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Section 1: A Nod to the Literature 
Part 4

High Leverage Practices


Preparing Mentoring 

Simply having experience as a teacher and a mentor does not necessarily make one exemplary at either. Unfortunately, mentor training is often not required and varies greatly in content, time, nature, and mode of delivery.  


Research suggests mentor teacher preparation efforts focus on developing key skills indicative of highly effective mentors (Hobson et al., 2009). These include strategies for 

  1. working with adult learners, 

  2. providing emotional support, 

  3. engaging in feedback cycles,  

  4. gradually releasing responsibility and control, and 

  5. scaffolding reflection on teaching and learning. 


Mentor training should also support mentors’ personal professional development, including through the provision of time to engage in training experiences such as shadowing experienced mentors, time to develop their skills as a mentor, and time to formally and informally discuss mentoring experiences at regular intervals with colleagues (Hobson et al., 2009; Hudson & Hudson, 2010). Additionally, mentor training should equip mentors to evaluate their own practice, enhance their skills, and be able to support the development of best practices within their mentees.












What Are High Leverage Practices?

All classroom teachers are faced with the responsibility of providing high-quality, inclusive instruction for all students, regardless of their background, disability, learning preferences, or behaviors. Meeting this variety of needs requires teachers to effectively employ research- and evidence-based practices. 


The Council for Exceptional Children (CEC) and the Collaboration for Effective Educator Development, Accountability and Reform (CEEDAR) partnered together to identify specific practices proven by research and evidence to leverage student progress, particularly those with disabilities. The collection of identified practices are referred to as High Leverage Practices, or HLPs and are divided into the four areas of collaboration, assessment, social/emotional/behavioral, and instruction (McLeskey, 2019).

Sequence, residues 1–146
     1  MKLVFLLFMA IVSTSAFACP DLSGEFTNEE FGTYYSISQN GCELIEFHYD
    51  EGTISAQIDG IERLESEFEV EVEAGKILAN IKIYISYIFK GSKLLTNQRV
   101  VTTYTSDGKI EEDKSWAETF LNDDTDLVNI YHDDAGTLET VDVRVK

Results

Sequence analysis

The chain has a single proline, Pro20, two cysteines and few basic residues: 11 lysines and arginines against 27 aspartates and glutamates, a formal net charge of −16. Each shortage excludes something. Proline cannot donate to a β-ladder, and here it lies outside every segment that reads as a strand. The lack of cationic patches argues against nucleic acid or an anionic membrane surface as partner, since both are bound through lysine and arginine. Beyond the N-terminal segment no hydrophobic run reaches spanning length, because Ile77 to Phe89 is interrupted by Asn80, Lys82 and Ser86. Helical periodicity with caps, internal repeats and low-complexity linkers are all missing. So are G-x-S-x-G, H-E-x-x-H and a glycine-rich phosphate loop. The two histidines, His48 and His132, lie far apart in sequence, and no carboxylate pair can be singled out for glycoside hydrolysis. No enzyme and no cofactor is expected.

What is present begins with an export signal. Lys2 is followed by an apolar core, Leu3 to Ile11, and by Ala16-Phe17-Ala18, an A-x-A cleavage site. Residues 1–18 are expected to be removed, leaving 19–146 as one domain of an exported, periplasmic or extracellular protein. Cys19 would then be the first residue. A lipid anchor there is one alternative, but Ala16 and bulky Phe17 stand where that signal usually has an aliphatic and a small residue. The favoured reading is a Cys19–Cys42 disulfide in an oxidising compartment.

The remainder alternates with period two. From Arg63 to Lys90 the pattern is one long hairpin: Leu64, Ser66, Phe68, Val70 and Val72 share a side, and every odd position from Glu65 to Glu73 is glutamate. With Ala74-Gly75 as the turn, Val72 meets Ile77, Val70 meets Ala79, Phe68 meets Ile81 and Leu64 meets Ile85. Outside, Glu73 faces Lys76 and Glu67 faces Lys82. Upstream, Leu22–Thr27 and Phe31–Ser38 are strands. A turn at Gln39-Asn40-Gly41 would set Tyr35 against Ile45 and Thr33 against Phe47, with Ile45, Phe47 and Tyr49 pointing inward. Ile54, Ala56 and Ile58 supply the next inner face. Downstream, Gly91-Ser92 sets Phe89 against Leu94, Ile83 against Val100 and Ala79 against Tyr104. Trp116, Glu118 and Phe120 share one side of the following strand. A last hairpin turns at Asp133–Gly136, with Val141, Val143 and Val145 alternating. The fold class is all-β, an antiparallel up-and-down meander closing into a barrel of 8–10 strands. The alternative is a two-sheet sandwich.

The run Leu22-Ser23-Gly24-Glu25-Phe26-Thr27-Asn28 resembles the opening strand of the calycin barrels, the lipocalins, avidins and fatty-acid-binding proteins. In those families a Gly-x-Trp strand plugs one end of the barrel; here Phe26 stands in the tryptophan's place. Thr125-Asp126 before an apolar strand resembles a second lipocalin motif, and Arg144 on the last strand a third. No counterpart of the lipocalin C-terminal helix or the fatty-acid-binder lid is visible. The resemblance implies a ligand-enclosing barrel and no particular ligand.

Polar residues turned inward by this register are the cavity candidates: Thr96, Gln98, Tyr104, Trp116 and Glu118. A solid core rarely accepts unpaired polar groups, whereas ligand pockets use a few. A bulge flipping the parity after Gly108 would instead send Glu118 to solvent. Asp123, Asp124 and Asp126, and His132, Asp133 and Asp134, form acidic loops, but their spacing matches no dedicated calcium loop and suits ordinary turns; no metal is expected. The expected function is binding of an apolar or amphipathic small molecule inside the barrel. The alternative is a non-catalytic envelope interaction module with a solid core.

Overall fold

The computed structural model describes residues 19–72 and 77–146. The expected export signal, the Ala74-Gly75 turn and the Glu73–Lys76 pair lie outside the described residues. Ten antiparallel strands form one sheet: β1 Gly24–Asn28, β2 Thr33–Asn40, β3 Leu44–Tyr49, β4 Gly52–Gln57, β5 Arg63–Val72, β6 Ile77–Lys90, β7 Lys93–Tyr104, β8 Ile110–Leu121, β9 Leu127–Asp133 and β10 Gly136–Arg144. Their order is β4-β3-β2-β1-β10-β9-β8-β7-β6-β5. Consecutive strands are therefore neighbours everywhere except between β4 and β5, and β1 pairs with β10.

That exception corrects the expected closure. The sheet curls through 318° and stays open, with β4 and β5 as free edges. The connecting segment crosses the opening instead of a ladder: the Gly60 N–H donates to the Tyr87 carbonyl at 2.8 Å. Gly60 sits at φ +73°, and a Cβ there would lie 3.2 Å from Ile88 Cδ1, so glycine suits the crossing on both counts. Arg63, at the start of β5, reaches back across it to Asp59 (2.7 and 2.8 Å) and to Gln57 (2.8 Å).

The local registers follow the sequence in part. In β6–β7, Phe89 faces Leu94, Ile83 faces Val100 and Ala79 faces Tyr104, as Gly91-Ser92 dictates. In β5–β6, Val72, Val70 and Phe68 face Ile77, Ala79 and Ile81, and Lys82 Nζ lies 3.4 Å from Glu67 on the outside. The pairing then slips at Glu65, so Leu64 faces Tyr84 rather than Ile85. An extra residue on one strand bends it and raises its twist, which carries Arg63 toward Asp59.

Effective mentors demonstrate the ability to effectively implement these practices, to frequently reflect on improving their own practice, and to confidently model and think-aloud these practices for their mentees. Review which practices have been identified to be the most effective to support the learning of all students.


Introduction to High Leverage Practices

Take a moment to watch the video to the left and review the slide deck below that lists all 22 High Leverage Practices. After watching the video, and reviewing the slide deck, you'll have a better understanding of what HLPs are.


Consider which HLPs resonate with you. 

Citation: Kennedy, M. J., Peeples, K. N., Romig, J. E., Mathews, H. M., & Rodgers, W. J. (2018)


Pause & Reflect

Directions: Pause and reflect on what you learned. Use the HLPs self-assessment link (interactive Google Sheet) to create your own copy. Or you can use this printable PDF version. Follow the directions to help identify your areas of strengths and weaknesses. Record your thoughts in your Module 1 Companion Guide. 

  1. How can you utilize your strengths to support these skill developments with your mentees?

  2. What are some ways you can strengthen your weaknesses to enhance your mentorship?

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